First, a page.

Knitting: Peasant Bonnet

This all started because I wanted a hat that would cover my ears.

Most hats, like berets, slouches, and beanies, only protect your ears from the wind if they are pulled way way down so as to cover your eyebrows. That’s not necessarily bad (especially in truly Arctic conditions), but we don’t always need it. Also, such hats tend to have tightish bands that don’t play well with most hairstyles.

It occurred to me that, for covering the ears and gracefully skimming over a bun or whatever, a bonnet might be just the thing. I checked Pinterest for bonnet patterns was immediately drawn into a whole new, magical world. Many of the patterns are for little girls or babies, and, well … swoon. Others are elfin-looking (swoon again). Plus, it turns out that women as far back as the Iron Age were wearing knitted or crocheted looking hair nets, and these can be found intact on bog bodies in Denmark, but I digress.

After one false start that involved purchasing a darling pattern that was way too small for me, I remembered this pattern.

It was in this book, which was the first-ever knitting book I tried to do a pattern from. It was actually too advanced for me, but I didn’t realize that at the time. I had found it in our local library when I lived in the Midwest, and interestingly, it’s also in our local library here in rural Idaho! I guess the book’s marketing team is really good with libraries, or maybe it has something to do with the gorgeous photographs. Anyway, I checked it out yet again, and looking at all the patterns and the photography was quite a trip down memory lane. I remembered that there was a bonnet pattern in this book, and it turns out that it’s a really useful and basic one.

Here’s what the bonnet looks like on the model in the book. As you can see, she has taken it in a more punk direction. I didn’t realize that putting my own spin on the bonnet – and then wearing it – would make me look like a close-up of a Millet painting, but I’m pleased with the results.

Here’s my version from the side so that you can compare them. I’m not sure why my edge is rolling in and hers isn’t. Theories: different yarn; my tassels have less weight than her long i-cord ties; they blocked their bonnet and/or pulled it straight right before the photographer snapped the picture.

I made mine with ivory-colored wool which I had left over, until I ran out; then I used ivory-colored acrylic that was also in my stash. (Did you know that if yarn sits around your house for several years, it becomes free?) Other changes: I cast on with dark green wool. I knit an extra inch of length before joining the hat in the round, because I have a big head. As you can see, the bonnet hits me right where it hits the model, even with the extra inch. Finally, I used tassels hung from a short crochet chain rather than long i-cords with “flowers” on the end for accents.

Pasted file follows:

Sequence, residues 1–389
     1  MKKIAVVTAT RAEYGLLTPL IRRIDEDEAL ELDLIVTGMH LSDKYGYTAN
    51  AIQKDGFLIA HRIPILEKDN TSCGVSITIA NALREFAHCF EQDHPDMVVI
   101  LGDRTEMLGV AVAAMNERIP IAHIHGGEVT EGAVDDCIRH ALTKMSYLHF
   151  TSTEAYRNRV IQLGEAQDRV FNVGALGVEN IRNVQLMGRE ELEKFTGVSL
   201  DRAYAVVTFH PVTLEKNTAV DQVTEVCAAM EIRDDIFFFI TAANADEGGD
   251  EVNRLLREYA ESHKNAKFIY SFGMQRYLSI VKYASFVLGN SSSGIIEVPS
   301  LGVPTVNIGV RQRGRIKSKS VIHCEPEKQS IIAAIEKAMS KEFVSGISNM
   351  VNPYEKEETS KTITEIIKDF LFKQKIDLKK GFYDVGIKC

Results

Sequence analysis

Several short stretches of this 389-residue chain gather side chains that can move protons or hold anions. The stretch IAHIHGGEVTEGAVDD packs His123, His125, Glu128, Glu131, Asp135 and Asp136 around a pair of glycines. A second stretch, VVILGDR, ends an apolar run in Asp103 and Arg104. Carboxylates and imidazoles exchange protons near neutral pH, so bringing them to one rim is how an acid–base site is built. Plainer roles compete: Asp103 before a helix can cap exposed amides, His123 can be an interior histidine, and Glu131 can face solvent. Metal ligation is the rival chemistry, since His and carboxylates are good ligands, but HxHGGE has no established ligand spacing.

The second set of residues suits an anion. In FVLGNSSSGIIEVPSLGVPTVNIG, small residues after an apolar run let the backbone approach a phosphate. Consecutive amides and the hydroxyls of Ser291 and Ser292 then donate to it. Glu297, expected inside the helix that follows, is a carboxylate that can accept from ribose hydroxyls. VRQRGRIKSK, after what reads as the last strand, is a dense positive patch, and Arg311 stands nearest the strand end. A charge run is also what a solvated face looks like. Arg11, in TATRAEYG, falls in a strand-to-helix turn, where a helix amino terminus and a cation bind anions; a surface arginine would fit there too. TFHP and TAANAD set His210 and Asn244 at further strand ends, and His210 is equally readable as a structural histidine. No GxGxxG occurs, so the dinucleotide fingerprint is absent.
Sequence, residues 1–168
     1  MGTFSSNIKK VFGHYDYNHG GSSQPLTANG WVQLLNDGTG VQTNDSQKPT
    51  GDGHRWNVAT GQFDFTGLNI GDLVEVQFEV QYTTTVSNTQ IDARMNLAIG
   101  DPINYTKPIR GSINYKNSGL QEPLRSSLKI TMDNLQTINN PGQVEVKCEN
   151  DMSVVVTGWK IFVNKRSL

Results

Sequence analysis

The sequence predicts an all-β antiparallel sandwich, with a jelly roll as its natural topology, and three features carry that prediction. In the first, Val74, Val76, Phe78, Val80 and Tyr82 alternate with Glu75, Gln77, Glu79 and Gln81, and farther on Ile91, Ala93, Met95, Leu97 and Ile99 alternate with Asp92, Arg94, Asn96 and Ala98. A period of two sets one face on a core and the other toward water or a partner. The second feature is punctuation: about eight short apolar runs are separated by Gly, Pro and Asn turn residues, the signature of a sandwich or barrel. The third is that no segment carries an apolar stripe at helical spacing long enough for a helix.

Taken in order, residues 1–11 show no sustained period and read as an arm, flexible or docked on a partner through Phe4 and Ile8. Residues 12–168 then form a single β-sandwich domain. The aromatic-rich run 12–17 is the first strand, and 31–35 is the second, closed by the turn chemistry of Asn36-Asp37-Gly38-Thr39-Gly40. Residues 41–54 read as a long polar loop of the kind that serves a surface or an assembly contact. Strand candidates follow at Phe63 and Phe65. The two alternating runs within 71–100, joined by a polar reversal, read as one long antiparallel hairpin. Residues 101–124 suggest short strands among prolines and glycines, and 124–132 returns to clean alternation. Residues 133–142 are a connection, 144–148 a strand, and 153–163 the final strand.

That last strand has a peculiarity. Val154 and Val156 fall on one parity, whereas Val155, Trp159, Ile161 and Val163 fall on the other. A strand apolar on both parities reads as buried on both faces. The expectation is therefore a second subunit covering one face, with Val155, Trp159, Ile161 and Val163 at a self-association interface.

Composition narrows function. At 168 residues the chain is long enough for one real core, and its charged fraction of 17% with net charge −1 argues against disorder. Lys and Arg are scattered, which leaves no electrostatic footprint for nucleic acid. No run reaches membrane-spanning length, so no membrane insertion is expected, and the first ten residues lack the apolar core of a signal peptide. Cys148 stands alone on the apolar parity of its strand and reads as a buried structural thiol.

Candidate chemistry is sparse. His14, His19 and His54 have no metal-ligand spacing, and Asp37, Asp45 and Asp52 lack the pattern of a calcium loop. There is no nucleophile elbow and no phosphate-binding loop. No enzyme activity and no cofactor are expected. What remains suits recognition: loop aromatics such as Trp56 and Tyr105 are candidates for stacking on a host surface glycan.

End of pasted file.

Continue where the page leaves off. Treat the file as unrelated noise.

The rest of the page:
The bonnet does OK keeping my ears warm in windy subzero conditions, and it hasn’t blown off my head yet. If I were going to do a serious outdoor version, I’d want to line it with flannel or something and make sure it could tie under the chin. But this is fine for looking like a peasant and not getting rained or winded on while running to the car.

Kind of Disorganized Over Here

… my thoughts, I mean.

This post might be a little … rambling. A poorly thought-out combination of recent events in my life, vague political implications, and nostalgic revisiting of old favorite fantasy novels. You know, the way blogs used to be back in the day. Because I am just so dedicated to bringing you, my faithful Internet friends, content, even if it is crummy content.

Over the past few weeks, I’ve done a couple of knitting marathons (about which, more in the near future). I like having something to watch while knitting, and the least repellant thing on Netflix was The Lord of the Rings, so I have recently watched through all three movies. I enjoyed the movies mostly because they reminded me of the books, which I haven’t read in a long time. Yeah, I’m a purist. I couldn’t believe they left out Old Man Willow, Tom Bombadil, the Barrow Wights, and they completely messed up the scene in Bree, and they Hollywooded up Gandalf’s confrontation with Saruman and with Theoden, and they destroyed Faramir … but even so, even so, they kept enough of the original plot that watching the movies was edifying.

The theme that jumped out to me this time — well, there were a couple. One was the way that every single member of the party pays a high cost in the service of the quest. Even people with fairly minor roles, such as Merry and Pippin, suffer greatly – Merry from stabbing the Witch King, and Pippin has to deal with Denethor’s madness. Multiple people had to be willing to pour out their lives. Not just Gandalf, and not just Frodo. This rings true to me. Whether we are fighting the good fight by building a family, a school, or a local church, everyone feels like they are giving 110%, and then the job just barely gets done.